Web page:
Humans have always tried to foresee their future and wanted to know as to when they can possibly die. This problem seems by far to have been solved. A supercomputer invented in the US is believed to predict the likelihood of a person's death with almost 100 per cent accuracy.
The machine, installed at Boston's Beth Israel Deaconess Medical Centre, draws on the data of more than 250,000 people gathered over a period of 30 years to make speedy diagnoses. Based on the data, it makes its predictions about the likelihood of the death.
The supercomputer is expected to revolutionize healthcare and can save millions of lives. The machine's ability to speedy disease recognition could potentially save lives as well as predict patients' imminent demise, the report added.
"Our goal is not to replace the clinician... This artificial intelligence is really about the augmenting of doctors' ability to take care of patients," Steve Horng, a doctor at the hospital, was quoted as telling BBC of late.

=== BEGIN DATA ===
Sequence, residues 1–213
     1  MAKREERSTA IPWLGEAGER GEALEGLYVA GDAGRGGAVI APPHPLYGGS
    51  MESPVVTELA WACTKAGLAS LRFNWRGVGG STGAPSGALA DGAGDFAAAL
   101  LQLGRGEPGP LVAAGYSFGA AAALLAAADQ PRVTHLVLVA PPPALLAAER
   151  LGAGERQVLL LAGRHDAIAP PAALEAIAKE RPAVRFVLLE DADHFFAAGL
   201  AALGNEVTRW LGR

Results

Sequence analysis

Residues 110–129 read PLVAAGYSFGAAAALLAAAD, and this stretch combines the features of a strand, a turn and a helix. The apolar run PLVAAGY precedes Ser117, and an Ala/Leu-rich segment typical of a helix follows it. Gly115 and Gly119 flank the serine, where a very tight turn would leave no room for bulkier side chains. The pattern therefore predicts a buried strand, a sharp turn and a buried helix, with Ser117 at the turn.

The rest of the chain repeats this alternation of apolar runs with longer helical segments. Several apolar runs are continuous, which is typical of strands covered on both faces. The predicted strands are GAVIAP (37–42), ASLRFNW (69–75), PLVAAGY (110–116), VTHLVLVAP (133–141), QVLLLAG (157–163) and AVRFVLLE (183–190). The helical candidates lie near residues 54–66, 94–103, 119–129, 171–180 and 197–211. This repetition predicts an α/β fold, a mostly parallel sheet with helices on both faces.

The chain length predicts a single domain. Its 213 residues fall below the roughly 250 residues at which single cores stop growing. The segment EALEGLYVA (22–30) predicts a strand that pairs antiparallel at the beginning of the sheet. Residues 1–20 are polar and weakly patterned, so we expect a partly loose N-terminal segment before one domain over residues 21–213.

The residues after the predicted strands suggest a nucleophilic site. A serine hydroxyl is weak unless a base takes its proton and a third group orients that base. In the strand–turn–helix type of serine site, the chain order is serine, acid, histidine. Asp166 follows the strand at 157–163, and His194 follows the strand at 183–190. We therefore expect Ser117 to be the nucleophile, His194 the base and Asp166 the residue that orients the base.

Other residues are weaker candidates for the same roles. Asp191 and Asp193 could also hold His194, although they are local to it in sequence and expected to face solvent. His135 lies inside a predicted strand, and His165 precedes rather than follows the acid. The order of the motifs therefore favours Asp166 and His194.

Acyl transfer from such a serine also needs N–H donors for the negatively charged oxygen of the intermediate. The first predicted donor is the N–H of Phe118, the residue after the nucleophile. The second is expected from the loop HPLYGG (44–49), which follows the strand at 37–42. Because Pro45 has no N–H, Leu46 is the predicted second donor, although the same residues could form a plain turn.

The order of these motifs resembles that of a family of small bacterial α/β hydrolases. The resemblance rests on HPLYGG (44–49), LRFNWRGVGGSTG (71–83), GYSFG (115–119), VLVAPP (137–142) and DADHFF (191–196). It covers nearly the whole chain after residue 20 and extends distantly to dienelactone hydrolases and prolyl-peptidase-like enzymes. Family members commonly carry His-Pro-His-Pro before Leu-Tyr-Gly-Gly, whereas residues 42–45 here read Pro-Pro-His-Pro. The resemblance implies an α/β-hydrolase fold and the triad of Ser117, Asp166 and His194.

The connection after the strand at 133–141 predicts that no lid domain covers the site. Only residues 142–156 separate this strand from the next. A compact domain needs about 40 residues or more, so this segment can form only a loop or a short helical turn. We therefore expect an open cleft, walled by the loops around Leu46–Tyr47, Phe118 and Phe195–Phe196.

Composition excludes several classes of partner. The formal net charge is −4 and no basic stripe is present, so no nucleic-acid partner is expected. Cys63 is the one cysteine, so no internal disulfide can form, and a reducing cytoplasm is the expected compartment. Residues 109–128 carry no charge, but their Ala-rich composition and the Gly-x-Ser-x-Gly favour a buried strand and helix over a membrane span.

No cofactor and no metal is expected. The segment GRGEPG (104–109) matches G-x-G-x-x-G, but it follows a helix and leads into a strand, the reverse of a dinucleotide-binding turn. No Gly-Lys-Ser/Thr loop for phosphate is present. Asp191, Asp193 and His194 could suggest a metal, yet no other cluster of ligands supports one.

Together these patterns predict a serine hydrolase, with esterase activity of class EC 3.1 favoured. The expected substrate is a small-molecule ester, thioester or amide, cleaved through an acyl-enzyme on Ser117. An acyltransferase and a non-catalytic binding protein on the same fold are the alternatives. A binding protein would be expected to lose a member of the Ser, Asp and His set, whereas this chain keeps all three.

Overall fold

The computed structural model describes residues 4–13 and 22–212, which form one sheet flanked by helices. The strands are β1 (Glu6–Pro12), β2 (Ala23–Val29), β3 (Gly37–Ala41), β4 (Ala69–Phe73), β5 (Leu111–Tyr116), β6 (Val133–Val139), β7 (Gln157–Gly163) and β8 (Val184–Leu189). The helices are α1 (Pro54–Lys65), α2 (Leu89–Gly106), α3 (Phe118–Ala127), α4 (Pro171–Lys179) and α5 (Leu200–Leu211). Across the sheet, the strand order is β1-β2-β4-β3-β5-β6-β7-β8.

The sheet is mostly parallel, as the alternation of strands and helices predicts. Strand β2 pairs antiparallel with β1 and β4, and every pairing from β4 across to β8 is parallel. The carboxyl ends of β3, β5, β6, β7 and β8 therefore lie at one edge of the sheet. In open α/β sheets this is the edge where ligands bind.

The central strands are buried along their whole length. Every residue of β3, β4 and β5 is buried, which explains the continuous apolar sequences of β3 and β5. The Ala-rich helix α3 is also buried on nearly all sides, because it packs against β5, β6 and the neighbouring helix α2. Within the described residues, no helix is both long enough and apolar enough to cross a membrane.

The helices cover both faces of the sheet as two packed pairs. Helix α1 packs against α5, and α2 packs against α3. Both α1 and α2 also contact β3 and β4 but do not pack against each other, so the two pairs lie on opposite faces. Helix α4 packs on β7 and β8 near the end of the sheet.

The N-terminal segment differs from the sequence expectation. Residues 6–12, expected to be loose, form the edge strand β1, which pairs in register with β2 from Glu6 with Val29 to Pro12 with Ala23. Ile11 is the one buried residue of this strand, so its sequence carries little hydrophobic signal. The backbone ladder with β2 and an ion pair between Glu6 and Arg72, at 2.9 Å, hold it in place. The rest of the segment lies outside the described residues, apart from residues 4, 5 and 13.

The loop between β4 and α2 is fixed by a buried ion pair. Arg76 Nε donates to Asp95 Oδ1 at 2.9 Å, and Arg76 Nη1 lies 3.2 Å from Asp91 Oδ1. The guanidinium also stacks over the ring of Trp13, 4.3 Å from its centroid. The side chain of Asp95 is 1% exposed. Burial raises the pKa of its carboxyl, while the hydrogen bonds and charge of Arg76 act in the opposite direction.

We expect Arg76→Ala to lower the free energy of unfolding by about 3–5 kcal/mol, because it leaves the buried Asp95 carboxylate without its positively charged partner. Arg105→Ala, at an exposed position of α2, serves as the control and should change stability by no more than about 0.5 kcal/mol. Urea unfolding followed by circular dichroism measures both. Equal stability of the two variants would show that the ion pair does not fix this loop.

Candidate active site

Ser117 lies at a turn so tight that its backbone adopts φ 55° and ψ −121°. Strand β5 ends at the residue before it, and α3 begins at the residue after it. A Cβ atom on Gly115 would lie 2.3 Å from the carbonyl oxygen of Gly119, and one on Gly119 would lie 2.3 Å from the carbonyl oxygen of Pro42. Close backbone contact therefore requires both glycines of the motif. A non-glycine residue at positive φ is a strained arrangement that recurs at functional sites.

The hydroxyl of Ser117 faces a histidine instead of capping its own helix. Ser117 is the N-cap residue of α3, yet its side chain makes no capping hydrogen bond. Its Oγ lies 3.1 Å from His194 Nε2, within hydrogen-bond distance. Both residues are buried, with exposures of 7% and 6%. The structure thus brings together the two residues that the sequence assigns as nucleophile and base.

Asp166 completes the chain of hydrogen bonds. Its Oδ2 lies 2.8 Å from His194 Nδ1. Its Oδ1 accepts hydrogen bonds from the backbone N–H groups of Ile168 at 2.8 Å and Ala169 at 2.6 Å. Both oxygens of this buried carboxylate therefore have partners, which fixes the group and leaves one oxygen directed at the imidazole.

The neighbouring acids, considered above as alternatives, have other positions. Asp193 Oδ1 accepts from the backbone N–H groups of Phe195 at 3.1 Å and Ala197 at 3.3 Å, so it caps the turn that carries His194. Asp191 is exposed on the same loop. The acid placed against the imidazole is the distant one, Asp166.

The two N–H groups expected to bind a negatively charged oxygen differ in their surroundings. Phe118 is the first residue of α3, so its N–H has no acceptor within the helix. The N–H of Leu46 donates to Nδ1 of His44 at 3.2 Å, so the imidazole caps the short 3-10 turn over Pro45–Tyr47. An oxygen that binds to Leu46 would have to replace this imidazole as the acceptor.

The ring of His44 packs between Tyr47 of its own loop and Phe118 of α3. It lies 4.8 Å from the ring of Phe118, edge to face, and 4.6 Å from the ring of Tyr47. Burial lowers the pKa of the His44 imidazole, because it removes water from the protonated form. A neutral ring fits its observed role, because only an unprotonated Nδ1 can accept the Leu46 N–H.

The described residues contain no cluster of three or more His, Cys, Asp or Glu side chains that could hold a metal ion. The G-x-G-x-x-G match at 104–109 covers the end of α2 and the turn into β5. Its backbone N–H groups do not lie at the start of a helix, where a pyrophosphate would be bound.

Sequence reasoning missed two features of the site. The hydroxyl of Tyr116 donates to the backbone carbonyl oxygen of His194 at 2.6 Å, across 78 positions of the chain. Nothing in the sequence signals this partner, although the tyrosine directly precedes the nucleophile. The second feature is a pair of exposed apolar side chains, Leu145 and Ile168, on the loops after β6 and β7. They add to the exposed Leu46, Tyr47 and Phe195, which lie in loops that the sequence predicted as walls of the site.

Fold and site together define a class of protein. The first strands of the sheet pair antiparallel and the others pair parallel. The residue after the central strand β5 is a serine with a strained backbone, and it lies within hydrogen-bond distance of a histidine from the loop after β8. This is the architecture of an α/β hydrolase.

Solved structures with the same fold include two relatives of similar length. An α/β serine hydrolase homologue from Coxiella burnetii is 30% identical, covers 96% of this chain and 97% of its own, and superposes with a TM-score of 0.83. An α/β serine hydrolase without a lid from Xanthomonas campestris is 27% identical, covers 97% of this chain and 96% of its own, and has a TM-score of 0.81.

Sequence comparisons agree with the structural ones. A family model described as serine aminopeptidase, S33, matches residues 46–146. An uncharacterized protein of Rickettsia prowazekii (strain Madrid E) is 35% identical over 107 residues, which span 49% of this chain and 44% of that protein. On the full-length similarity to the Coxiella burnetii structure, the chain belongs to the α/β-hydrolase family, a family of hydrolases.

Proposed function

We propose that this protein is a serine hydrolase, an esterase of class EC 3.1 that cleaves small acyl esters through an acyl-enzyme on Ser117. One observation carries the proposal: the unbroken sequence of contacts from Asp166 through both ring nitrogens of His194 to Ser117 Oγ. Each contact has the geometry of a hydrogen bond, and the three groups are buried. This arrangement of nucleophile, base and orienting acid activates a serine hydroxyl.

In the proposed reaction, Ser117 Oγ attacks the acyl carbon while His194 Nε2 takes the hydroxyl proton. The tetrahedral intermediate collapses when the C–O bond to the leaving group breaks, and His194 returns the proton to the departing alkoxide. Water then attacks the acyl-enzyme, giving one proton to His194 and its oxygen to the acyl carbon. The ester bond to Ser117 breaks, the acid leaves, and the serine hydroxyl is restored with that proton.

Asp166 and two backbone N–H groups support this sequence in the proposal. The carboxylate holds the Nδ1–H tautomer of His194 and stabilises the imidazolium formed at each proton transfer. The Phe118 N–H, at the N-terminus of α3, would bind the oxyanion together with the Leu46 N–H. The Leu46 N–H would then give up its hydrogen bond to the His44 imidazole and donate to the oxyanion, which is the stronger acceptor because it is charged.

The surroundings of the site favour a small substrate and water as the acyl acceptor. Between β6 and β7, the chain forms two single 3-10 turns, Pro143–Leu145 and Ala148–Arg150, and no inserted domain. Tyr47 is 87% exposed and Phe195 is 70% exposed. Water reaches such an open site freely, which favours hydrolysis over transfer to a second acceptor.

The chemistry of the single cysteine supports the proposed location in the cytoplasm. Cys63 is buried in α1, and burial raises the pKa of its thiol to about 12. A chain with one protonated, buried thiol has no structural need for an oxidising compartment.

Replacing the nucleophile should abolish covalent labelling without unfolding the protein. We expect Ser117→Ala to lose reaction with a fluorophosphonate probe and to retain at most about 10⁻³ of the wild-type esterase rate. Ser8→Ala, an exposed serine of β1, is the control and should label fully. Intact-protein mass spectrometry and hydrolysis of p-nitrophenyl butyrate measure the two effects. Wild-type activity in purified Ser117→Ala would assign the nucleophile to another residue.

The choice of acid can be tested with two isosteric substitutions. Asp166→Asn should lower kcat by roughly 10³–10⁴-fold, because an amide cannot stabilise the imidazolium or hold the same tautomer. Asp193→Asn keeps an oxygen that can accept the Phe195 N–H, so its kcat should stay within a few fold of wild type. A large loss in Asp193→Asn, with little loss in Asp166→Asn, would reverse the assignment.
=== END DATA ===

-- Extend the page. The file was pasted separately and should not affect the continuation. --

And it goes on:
Patients at the hospital are linked up to the super computer which collects and analyses data about their condition every three minutes, measuring everything from oxygen levels to blood pressure to give doctors "everything we need to know about a patient".
When the computer says no, doctors can "predict with 96 per cent confidence" when patients may die.
"If the computer says you're going to die, you probably will die in the next 30 days," Horng said.